We have been away exactly a month now and we have enjoyed every moment and experience! We have seen some mind-blowing, spectacular and confronting things. And we have learnt soooo much more about European history from the countries that we have visited.
Here is our first month in a quick review:
Our first stop was Russia where we visited Moscow and St Petersburg. There we saw some amazingly opulent palaces and got a sneak peak into the lives of the past royals. Our standout moment from here would be setting eyes on St Basil’s in Red Square for the first time.
The Baltic States of Estonia, Latvia and Lithuania were next on the agenda. We learnt about the Singing Revolution which we had no idea about and also learnt about the Baltic Way – 2 million people holding hands across the 3 countries to make a 600 km human chain to stand up for their independence. A few of our favourites in this area would be visiting the Hill of Crosses and experiencing the old towns of each capital city
Poland was definitely a little surprise package for us. We enjoyed what the country had to offer; its history, food, people and culture. Here we experienced awe as well as sadness. There were moments of joy and wonderment as we visited the Wieliczka Salt Mines, walked around the Old Town of Krakow and be impressed at the restoration efforts of Warsaw. Then there were moments of heart-break where we shed tears for those who lost their lives during World War II especially when we visited the concentrations camps.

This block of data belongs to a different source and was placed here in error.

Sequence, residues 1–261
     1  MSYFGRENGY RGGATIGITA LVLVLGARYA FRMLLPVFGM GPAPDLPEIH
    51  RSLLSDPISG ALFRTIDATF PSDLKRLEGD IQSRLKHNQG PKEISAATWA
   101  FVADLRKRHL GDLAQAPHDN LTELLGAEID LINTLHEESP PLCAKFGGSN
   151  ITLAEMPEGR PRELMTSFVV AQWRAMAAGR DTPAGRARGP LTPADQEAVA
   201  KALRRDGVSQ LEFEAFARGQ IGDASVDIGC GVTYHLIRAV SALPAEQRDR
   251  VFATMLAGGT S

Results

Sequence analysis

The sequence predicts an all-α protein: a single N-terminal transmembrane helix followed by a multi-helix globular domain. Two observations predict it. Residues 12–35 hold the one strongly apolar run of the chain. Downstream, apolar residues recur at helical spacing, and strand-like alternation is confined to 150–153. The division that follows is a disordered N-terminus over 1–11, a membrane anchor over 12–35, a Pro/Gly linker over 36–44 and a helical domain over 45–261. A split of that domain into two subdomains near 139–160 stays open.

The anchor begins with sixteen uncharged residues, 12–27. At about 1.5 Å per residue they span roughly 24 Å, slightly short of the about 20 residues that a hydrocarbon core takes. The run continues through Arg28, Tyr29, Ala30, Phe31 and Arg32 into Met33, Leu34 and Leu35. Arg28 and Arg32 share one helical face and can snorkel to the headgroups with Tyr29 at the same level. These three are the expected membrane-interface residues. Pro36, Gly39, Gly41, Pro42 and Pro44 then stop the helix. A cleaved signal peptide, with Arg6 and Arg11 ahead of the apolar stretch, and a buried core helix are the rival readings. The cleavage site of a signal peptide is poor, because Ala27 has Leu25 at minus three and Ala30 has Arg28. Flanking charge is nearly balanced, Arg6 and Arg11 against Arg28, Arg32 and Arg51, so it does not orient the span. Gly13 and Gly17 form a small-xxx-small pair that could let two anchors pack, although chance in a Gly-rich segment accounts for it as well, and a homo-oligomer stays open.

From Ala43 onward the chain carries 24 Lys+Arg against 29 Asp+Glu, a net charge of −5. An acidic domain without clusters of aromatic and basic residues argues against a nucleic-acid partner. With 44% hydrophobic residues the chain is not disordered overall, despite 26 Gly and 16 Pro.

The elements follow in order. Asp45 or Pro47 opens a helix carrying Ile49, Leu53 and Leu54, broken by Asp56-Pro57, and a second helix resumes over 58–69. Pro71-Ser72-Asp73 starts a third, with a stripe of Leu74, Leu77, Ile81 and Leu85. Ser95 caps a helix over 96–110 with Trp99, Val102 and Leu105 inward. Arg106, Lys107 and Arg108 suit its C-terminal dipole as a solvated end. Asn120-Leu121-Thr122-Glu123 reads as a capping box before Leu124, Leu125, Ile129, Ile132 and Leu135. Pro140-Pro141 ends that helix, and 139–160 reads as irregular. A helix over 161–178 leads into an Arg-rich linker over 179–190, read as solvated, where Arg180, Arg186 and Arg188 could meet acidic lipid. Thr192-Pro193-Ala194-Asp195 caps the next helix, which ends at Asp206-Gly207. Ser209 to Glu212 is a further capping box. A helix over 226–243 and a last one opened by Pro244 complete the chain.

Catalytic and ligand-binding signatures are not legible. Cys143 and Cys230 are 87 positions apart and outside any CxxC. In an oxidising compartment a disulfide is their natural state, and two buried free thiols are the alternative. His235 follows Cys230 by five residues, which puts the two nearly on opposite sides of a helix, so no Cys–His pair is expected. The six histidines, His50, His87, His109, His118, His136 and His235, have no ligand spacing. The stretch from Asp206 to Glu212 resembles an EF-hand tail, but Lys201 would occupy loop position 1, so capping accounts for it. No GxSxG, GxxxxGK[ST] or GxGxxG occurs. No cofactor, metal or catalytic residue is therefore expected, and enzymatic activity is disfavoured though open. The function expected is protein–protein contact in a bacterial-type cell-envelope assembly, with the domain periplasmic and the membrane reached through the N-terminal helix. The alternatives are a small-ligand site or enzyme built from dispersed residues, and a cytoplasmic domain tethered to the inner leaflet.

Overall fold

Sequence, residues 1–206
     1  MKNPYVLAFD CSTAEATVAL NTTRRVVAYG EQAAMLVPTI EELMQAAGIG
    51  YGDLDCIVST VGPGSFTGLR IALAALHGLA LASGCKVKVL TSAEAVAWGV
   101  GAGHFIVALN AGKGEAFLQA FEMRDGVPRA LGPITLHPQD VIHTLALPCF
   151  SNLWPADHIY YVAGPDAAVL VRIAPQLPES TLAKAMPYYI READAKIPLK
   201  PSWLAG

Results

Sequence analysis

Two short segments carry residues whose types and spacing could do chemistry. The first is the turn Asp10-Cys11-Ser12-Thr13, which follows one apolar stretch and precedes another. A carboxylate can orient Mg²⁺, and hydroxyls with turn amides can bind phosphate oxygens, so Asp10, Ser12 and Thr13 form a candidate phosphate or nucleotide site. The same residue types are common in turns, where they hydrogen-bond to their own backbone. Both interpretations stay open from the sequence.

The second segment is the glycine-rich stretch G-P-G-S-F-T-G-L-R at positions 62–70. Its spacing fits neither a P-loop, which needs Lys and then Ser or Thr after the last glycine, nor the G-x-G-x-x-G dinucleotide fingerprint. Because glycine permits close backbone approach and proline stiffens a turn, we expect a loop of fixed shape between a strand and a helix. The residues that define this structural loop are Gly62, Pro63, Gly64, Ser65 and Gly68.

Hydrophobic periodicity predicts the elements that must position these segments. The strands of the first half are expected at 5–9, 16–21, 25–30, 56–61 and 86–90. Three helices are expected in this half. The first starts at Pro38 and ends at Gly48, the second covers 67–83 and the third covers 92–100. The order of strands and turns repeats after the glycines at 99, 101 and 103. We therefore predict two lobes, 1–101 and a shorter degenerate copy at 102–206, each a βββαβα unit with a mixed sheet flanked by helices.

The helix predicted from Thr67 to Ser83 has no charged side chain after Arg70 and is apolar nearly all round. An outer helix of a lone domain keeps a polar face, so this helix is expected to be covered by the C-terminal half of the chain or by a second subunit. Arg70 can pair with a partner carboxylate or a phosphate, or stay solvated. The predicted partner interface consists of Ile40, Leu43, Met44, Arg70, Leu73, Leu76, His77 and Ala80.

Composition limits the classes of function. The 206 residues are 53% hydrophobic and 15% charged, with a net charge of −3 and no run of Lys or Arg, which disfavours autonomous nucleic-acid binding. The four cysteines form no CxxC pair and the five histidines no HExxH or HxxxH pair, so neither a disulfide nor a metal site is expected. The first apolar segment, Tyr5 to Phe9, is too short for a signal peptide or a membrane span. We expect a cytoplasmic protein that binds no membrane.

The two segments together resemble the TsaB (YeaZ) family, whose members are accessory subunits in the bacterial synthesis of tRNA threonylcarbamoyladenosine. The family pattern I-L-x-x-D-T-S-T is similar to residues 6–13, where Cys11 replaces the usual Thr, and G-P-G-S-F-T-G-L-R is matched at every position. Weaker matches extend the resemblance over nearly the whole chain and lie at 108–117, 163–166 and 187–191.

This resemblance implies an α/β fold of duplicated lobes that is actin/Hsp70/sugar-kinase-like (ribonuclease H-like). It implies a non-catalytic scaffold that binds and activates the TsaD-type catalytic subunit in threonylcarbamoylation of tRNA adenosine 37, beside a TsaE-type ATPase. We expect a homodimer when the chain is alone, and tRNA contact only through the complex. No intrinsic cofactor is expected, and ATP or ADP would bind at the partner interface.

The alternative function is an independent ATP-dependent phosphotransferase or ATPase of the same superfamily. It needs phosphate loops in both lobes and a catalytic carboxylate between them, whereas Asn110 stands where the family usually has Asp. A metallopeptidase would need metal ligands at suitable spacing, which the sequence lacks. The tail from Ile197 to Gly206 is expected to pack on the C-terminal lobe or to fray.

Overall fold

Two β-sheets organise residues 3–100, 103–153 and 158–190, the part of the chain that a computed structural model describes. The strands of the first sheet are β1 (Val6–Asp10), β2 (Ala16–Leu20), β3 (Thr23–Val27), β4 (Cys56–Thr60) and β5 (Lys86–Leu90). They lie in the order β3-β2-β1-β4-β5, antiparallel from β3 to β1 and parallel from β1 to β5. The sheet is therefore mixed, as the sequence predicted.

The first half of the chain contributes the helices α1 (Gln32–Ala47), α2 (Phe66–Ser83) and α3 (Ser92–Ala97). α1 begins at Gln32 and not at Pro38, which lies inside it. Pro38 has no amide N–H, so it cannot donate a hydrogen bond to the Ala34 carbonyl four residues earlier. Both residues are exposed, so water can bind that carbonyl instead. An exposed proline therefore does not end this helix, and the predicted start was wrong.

We had a small taste of Czech Republic back in 2006 when we visited Prague for a few days. This time, we had an opportunity to visit Cesky Krumlov as well. One of our highlights in Cesky Krumlov was definitely getting a tour of the Zámecké Divadlo (Castle Theatre). One of the last few remaining wooden theatres still with costumes, props and stage sets. Prague was nothing like we remembered, probably because we came this time with “older” eyes and a different mindset to travel. A highlight would have to be seeing the Astronomical Clock again and really appreciating it for what it was this time.
Now we are in Bordeaux, France and we are loving France all over again. Despite common belief, the French people are very friendly and always willing to help. Two memorable experiences amongst the many so far (as we still have all up another 10 days or so) was watching Moulin Rouge and seeing Mont St Michel. Next stop Carcassonne 🙂
Have a great week ahead, folks!